James Daly appears as the mysterious Flint, an Earthling who inhabits his own little planet in the cosmos. When Captain Kirk (William Shatner), Mr. Spock (Leonard Nimoy) and Dr. McCoy (DeForest Kelley) beam down to the planet, they meet the hostile Flint, only to learn later that he is an immortal whose many names through the ages have included Methuselah, Johannes Brahms and Leonardo da Vinci. Flint was born in that area of early civilization known as Mesopotamia. When speared during battle, Flint discovered that he possessed instant tissue regeneration, enabling his body to repair itself. The Enterprise crew have come to Flint’s planet in order to gather ryetalyn, a rare mineral needed to combat Rigelian Fever. Upon mention of the disease, Flint briefly recounts another scourge – the Black Death during the Middle Ages – which wiped out a third of Europe’s population. Dr. McCoy’s readings on Flint prove to be bad news for the immortal, as the tired, bored Flint is now dying like everyone else, a consequence of having departed Earth’s peculiar magnetic field centuries ago.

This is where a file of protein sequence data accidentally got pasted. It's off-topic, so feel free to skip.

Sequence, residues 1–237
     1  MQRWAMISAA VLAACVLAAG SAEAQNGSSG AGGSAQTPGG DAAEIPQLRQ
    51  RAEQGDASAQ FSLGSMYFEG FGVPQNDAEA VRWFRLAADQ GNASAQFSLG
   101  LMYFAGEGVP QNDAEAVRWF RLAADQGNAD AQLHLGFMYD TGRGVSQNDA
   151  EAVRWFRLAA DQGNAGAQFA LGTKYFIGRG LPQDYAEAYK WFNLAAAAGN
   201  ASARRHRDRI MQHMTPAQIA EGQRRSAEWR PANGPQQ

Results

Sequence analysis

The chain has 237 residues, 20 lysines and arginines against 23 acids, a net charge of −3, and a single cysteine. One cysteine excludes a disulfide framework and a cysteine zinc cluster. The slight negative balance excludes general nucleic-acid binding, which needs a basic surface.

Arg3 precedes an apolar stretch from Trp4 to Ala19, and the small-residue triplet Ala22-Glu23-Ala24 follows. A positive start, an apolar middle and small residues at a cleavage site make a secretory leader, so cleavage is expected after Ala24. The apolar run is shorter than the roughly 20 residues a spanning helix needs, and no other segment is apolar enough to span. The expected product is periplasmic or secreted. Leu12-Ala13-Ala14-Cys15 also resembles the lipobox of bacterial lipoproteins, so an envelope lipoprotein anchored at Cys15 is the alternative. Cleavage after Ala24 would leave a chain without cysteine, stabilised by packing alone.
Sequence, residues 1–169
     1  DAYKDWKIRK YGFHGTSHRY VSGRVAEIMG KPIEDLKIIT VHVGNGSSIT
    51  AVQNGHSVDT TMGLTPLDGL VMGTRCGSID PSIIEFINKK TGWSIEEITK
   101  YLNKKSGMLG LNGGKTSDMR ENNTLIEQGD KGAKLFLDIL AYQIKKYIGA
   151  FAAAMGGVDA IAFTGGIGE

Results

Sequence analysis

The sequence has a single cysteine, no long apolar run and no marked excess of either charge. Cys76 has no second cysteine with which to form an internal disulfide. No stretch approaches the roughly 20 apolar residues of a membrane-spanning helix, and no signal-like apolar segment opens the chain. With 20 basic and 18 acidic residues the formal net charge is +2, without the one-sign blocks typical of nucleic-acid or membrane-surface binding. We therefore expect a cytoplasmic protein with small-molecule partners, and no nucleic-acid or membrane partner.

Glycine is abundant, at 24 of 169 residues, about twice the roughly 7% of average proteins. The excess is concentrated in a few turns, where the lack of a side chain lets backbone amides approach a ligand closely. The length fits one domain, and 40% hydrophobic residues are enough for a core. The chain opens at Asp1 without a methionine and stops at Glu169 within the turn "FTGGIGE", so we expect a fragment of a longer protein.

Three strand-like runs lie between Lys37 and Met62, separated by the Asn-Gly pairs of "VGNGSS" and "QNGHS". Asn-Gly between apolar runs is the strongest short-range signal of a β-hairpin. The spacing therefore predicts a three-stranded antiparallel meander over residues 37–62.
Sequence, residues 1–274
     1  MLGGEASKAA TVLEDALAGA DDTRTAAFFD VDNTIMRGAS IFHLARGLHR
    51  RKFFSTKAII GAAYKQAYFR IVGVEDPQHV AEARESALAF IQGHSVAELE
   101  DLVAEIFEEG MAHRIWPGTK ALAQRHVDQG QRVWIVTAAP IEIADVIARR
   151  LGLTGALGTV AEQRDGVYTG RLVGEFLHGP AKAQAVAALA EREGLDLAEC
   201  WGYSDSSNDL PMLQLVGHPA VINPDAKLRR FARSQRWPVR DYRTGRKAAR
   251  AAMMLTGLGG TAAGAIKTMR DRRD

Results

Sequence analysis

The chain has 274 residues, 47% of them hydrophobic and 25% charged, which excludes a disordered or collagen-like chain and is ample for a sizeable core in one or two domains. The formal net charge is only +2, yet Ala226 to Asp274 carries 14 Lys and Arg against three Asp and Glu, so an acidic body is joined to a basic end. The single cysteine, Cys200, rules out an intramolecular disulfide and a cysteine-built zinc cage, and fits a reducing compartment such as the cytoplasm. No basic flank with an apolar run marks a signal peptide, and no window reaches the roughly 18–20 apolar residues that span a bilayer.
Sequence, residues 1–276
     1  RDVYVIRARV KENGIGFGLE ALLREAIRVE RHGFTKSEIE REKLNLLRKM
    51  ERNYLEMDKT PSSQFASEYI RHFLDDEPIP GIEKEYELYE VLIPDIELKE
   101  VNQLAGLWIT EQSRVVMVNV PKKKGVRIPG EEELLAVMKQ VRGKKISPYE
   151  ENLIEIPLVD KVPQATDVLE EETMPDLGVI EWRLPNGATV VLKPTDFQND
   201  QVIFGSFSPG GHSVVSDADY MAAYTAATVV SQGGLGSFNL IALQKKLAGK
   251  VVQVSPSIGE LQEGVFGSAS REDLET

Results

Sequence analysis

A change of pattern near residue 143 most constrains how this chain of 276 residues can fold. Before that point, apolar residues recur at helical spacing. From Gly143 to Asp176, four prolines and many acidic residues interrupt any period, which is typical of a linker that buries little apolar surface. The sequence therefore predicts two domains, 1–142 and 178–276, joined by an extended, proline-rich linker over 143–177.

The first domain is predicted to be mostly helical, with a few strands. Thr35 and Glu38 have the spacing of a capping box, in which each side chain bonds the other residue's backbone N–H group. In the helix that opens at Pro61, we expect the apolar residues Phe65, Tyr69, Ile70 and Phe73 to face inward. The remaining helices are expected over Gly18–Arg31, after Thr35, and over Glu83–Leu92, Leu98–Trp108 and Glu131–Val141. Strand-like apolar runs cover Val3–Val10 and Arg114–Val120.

The Twilight Zone, "Long Live Walter Jameson," March 18, 1960, CBS-TV
Kevin McCarthy guest stars as Walter Jameson, a college history professor who is set to marry a younger woman (Dodie Heath). The girl’s father, Professor Sam Kittridge (Edgar Stehli), suspects that Jameson is much older that he says, eventually discovering that his colleague has been walking the earth for thousands of years. Jameson – who appears as a Union Army officer in old Mathew Brady photos from the American Civil War – had acquired his immortality from an ancient alchemist, but his long life may soon be coming to an end.